A 1923 New York Times Magazine article predicted “The reign of the skyscraper is just setting in,” which proved accurate. It also quoted an expert who predicted two-level streets throughout NYC, which didn’t come to pass.
This is the picture as forward-looking architects see it. According to them, the reign of the skyscraper is just setting in. In the past half century it has transformed [New York City], concentrating large groups of people into small spaces, etching out a jagged skyline like none other in the world. During the next fifty years will come changes even more sweeping.
The article then primarily quotes Arnold Brunner, at the time the former President of the Architectural League of New York. Some of his predictions proved accurate:
“As to the height of the buildings that are to come it seems to me certain that they will continue high, though perhaps not extravagantly so. I see no reason why an occasional towering structure, like the Woolworth Building, for instance, will spoil the arrangement, the beauty, or the effectiveness of the whole picture that the city will make.”
At 792 feet, the Woolworth Building was the tallest building in the world in 1923. Other buildings as tall or taller were indeed built in NYC for decades to come, including 40 Wall Street (a.k.a. the Trump Building), the Chrysler Building, the Empire State Building, the World Trade Center, and the Freedom Tower.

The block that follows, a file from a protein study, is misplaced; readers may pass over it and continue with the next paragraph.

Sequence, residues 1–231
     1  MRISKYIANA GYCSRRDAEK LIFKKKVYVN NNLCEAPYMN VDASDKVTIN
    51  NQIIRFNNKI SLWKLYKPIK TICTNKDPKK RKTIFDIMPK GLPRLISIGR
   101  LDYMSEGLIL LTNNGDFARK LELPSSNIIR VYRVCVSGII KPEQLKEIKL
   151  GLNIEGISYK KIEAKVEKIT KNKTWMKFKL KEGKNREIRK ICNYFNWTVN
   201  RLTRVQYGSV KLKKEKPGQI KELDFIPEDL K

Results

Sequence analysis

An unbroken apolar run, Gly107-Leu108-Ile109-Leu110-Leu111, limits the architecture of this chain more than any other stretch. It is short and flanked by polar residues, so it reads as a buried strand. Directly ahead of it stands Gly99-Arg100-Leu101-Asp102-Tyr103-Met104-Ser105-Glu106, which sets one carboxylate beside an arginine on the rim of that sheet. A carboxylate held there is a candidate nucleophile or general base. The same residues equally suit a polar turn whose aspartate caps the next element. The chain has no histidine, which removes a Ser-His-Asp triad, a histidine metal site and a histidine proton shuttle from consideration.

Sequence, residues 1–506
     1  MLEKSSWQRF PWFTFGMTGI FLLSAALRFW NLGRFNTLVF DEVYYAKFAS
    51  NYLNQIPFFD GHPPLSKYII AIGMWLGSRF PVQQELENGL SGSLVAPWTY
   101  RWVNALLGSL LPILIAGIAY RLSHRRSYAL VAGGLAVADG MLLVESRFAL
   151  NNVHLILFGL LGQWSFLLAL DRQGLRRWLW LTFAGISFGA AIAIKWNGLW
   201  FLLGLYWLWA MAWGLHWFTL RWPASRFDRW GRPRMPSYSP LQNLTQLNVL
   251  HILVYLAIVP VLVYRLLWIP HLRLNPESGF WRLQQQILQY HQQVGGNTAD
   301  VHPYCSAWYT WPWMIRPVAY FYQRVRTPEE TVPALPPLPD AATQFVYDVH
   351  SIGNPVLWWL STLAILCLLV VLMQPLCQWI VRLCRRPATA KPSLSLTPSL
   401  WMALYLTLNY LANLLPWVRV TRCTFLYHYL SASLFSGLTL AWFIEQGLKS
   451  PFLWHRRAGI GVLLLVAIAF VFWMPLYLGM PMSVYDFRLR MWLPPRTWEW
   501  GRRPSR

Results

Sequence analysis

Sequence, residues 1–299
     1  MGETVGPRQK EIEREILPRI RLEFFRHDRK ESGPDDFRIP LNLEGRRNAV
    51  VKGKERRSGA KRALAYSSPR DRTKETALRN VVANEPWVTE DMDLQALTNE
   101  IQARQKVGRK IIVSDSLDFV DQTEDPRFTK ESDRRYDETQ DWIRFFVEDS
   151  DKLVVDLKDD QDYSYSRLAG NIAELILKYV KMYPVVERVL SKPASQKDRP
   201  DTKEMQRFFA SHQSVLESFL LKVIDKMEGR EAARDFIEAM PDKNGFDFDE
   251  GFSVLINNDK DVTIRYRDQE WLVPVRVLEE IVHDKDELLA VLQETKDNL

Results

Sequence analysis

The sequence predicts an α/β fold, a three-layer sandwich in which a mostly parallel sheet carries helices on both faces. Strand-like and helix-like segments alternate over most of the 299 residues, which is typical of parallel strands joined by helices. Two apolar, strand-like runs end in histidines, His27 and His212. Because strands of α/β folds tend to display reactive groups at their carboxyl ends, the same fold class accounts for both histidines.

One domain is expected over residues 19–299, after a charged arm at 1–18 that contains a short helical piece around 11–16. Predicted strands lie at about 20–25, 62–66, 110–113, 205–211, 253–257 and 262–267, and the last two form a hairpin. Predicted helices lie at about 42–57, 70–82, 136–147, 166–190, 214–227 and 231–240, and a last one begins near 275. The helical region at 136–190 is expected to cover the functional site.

NYC last claimed the world’s tallest building in 1973.
Some of Brunner’s other predictions proved inaccurate:
“Today New York is a city of two levels — one on the surface and one under ground. The day will come when we will have three — one under ground, one on the surface, and one above the surface. Problems of traffic and transit are so difficult that this seems the ultimate solution.
“The underground level will continue to be used for subways, tubes, and tunnels. The street level will be used for trucks and other heavy traffic. Above the street there will be roads for light motors and pedestrians.”
And while this wasn’t a prediction, per se, another of Brunner’s hypotheticals didn’t come to pass… although it would have been awesome if it had:
“For all we know, in twenty-five years each of us may be driving his own little plane to work every morning and need a landing station on the roof.”
Well, we can always watch The Jetsons.
Coming City of Set-Back Skyscrapers
Published: Sunday, April 29, 1923
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